The 2008 global financial crisis led to millions of people losing their savings, jobs and homes, but not a lot of us understand what happened. In his methodical, ire-raising film, documentarian Charles Ferguson ( No End in Sight) argues that the meltdown was "not an accident" but an "inside job," in which Wall Street-connected government economic appointees put the interests of the few ahead of the many.
Told in chronological chapters, Inside Job, narrated by Matt Damon, outlines how progressive deregulation and Wall Street infiltration of the White House have gone hand-in-hand with financial crisis since Ronald Reagan's presidency.
During the Clinton and Bush administrations, toxic risk worked its way up the financial food chain from subprime housing to mortgage-backed securities and unregulated credit derivatives. When banks' leveraging limits were lifted in the George W. Bush years, an even bigger house of cards was built on the flimsy foundation.
A trained economist might challenge his analysis, but there's no question that Ferguson, who holds a PhD in political science and is a former business consultant, is a formidable interviewer. He can be heard off-camera, calm but incredulous, as he skewers the squirming lobbyists, government apologists and academic flacks who stand on the wrong side of the public good.
Supporting evidence of the financial community's pathology is provided by "Wall Street madam" Kristin Davis and therapist Jonathan Alpert, who testify to the investment community's use of drugs and prostitution "on an industrial scale."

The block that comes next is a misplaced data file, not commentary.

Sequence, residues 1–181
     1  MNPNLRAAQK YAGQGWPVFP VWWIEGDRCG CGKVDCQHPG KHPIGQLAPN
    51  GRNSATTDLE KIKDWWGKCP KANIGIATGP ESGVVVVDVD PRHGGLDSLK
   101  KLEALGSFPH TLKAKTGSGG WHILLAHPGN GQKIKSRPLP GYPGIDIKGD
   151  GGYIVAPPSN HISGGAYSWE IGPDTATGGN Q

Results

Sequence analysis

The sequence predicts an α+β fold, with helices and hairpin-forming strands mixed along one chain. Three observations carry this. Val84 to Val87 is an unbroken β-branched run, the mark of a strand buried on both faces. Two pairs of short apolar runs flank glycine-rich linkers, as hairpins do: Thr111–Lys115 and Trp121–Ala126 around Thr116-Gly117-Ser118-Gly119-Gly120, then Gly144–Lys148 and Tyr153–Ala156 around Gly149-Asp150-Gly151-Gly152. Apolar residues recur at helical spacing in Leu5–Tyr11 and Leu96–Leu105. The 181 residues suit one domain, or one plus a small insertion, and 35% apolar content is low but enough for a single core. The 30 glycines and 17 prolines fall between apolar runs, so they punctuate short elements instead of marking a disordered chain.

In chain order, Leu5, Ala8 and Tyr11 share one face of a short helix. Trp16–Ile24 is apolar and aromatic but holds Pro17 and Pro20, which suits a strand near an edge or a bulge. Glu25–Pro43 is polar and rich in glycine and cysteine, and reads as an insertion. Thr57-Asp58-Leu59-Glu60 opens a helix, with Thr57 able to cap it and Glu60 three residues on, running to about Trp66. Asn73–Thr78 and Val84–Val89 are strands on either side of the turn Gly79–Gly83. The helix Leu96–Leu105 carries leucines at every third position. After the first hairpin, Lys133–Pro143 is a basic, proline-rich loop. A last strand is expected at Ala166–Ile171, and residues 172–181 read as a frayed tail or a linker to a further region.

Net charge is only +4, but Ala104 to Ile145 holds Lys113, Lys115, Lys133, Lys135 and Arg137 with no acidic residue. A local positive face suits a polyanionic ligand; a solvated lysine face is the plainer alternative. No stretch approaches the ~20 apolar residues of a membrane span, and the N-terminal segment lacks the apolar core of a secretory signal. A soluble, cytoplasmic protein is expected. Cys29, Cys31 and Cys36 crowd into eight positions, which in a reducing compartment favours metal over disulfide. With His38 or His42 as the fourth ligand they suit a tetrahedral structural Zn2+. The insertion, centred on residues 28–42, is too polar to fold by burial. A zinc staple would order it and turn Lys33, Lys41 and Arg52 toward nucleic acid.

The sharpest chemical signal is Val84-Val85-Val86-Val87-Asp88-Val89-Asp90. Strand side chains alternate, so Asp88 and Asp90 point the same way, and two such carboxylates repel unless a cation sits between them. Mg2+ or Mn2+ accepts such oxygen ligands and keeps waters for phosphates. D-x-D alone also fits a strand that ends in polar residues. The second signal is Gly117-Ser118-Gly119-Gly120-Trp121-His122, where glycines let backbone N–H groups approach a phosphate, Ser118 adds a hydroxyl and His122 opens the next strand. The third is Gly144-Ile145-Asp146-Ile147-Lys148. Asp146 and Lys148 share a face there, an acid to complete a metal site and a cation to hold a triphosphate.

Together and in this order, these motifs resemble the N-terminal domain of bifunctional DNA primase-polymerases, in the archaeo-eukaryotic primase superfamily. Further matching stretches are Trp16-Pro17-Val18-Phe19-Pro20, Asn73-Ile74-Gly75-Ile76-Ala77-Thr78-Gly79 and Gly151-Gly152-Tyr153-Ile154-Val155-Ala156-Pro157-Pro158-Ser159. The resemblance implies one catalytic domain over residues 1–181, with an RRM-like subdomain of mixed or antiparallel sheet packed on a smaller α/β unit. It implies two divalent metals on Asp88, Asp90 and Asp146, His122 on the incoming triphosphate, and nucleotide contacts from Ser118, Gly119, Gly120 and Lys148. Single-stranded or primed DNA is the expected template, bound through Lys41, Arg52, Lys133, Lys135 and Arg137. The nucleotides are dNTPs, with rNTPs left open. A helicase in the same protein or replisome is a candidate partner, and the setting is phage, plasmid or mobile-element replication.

The sobering summation? No one responsible for the recent fiasco has been prosecuted, and President Barack Obama, after campaigning to clean house, has put many of the same Wall Street insiders on his payroll. Could it really be that the only people who can solve this crisis are the ones who created it?
THE INSIDE JOB TIMELINE
The Reagan Years: The government deregulates savings and loan companies, leading to the S&L crisis and a $124-billion (U.S.) bailout. Financial scandals result in the jailing of Charles Keating, Michael Milken and Ivan Boesky.
The Clinton Years: The 1999 repeal of the 1933 Glass-Steagall Act removes the separation between investment banks and depository banks, allowing banks to make enormous profits by trading. The 2000 Commodity Futures Modernization Act bans the regulation of financial derivatives, which are exempt from anti-gambling laws.
The Bush Years: Mortgage lending quadruples and housing prices double. The Securities Exchange Commission lifts the leverage limits on banks. The collapse of the U.S. housing and mortgage market leads to a chain reaction of financial failures. The government responds with a $700-billion bailout.
- Directed by Charles Ferguson
- Written by Charles Ferguson, Chad Beck and Adam Bolt
- Classification: NA